A family, especially parents, are a child’s backbone. But care must be taken that the child develops his own backbone and does not stay dependent on his parents for almost a quarter of his life, as happens in many cases in India. From the kind of clothes kids wear to the stream they choose in school, everything is decided by their parents. And this does not simply end here. The selection of the college, course, city of work and even the spouse hugely depends on their parents’ decisions, if not entirely.

Parental love and affection are much needed and desired by children but in this process, parents do not understand that they are making the child overtly dependent on them. A child often stops pursuing his dreams and follows his parents’ dreams. In early years of his life, his creativity is restricted. Every parent wants his child to be a doctor or an engineer, especially in a country like India. Very often the child’s profession is decided even before his birth. The movie “3 Idiots” depicts this beautifully. Offbeat streams like fashion designing, writing, cartooning, photography etc. are not even considered to be career options. Indian parents are often more concerned about what they will have to say to the society rather than their child’s wishes. In contrast, in the West, kids in their early teens become economically independent by going for short-term jobs like distributing newspapers or working in cafes. This is something Indian parents would never ever like as such jobs are considered to be menial.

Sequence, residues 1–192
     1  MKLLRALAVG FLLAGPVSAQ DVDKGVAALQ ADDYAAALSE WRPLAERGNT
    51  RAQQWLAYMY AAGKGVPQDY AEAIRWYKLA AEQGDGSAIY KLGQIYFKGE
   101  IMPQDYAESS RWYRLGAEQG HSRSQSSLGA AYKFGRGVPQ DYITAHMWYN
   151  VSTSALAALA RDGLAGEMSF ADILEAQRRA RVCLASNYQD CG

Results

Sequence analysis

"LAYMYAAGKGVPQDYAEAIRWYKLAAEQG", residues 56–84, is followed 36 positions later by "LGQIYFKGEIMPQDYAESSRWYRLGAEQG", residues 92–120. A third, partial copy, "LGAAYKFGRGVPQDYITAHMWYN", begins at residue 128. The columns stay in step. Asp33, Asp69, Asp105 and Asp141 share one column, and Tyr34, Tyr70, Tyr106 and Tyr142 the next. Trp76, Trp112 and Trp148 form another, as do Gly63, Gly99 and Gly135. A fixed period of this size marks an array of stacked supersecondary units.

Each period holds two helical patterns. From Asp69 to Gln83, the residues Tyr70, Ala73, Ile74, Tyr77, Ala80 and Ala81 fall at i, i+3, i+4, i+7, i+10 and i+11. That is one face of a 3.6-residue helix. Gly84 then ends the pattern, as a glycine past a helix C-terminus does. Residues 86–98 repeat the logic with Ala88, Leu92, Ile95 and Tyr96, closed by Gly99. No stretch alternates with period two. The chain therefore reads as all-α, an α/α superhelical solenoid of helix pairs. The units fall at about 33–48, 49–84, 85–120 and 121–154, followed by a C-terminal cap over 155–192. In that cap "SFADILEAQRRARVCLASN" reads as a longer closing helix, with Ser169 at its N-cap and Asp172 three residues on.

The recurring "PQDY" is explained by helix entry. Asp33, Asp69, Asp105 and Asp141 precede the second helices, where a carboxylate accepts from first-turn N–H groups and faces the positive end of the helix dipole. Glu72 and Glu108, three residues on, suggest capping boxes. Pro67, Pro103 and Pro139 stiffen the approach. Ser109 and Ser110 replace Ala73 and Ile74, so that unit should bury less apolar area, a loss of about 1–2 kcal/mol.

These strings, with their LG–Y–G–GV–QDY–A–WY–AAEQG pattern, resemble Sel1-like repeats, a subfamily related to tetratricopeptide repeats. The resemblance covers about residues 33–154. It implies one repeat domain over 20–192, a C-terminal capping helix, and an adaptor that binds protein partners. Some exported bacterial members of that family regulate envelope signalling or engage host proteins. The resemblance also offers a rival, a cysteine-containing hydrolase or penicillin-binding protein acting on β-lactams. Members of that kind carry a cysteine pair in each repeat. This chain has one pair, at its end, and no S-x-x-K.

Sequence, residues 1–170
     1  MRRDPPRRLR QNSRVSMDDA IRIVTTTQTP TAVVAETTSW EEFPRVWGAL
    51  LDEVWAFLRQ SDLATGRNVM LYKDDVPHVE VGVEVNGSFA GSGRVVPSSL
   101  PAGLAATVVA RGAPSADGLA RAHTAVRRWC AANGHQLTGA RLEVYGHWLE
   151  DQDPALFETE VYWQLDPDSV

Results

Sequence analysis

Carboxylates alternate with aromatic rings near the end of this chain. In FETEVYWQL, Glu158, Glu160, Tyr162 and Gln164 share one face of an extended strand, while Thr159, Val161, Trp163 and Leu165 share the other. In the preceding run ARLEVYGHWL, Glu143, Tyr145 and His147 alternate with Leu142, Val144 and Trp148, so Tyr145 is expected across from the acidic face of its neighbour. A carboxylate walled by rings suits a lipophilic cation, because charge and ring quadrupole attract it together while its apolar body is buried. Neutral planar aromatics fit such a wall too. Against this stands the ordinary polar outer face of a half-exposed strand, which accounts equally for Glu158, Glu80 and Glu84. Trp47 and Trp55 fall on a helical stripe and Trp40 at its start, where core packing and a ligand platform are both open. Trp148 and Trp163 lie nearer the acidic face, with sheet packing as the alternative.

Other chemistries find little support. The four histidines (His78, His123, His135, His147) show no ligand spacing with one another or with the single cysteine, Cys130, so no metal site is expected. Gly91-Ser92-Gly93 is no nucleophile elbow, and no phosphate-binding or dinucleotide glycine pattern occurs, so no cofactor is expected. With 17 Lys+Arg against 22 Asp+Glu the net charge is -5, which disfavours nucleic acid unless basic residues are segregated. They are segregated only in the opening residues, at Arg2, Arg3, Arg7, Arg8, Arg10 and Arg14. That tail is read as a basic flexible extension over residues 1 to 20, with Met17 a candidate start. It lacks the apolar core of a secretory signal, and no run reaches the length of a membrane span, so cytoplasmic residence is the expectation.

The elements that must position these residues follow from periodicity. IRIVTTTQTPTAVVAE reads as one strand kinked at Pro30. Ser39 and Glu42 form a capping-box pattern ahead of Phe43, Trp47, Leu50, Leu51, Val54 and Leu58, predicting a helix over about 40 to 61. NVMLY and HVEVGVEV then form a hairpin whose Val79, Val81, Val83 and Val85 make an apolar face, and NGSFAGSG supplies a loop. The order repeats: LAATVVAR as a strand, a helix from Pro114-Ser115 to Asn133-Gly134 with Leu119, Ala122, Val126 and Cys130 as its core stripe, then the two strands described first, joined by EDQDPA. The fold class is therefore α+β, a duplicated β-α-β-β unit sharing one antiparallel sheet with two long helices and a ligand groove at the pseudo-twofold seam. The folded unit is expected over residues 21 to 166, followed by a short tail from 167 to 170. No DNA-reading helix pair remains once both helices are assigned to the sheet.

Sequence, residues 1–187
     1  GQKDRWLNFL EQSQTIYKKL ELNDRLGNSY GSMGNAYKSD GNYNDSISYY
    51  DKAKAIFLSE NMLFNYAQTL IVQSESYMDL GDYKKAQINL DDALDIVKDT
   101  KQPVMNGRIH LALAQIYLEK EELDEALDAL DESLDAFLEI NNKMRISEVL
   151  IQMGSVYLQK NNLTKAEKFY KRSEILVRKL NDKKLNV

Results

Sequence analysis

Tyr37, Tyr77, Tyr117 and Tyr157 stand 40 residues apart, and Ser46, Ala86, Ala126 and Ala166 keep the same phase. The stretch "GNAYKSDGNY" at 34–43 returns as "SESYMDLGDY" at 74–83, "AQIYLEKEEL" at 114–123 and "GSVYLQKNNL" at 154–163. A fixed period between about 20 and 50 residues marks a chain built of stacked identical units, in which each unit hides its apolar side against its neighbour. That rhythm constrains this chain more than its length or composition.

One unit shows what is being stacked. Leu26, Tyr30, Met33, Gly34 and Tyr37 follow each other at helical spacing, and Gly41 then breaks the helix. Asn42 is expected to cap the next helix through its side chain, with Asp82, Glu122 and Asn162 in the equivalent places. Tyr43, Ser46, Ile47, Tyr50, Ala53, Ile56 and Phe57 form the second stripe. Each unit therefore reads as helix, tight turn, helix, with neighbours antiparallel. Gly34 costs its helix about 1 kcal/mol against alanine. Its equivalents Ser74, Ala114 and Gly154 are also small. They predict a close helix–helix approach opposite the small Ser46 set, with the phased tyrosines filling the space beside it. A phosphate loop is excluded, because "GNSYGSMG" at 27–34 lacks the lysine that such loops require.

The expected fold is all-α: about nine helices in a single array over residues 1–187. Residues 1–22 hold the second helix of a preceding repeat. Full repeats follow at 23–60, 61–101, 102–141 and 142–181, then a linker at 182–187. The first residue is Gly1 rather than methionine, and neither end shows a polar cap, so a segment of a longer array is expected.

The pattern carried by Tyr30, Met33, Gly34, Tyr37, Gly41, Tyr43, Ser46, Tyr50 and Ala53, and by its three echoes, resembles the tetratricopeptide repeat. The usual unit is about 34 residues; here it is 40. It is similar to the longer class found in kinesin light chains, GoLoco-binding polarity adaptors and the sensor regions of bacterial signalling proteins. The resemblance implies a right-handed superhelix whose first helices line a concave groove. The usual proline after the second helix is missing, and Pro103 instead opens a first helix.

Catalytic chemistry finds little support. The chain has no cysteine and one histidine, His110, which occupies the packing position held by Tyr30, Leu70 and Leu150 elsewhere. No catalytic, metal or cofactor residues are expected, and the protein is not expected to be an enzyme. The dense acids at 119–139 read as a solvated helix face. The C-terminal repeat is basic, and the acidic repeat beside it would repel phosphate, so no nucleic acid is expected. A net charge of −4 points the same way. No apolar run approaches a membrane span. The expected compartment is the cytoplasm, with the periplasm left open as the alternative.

Academics are given an extra amount of importance by Indian parents. They fail to understand that extra-curricular activities are essential for a child’s wholesome development. A typical Hindi phrase often told by Indian parents goes like “padhoge likhoge banoge nawab, kheloge koodoge hoge kharaab” (you will be a spoilt child if you play, and will be successful only if you study well). Had Sachin Tendulkar’s parents thought him the same thing, he would have never reached the epitome of success, where he now stands. Thus, parents need to recognize a child’s talent and help him move towards it.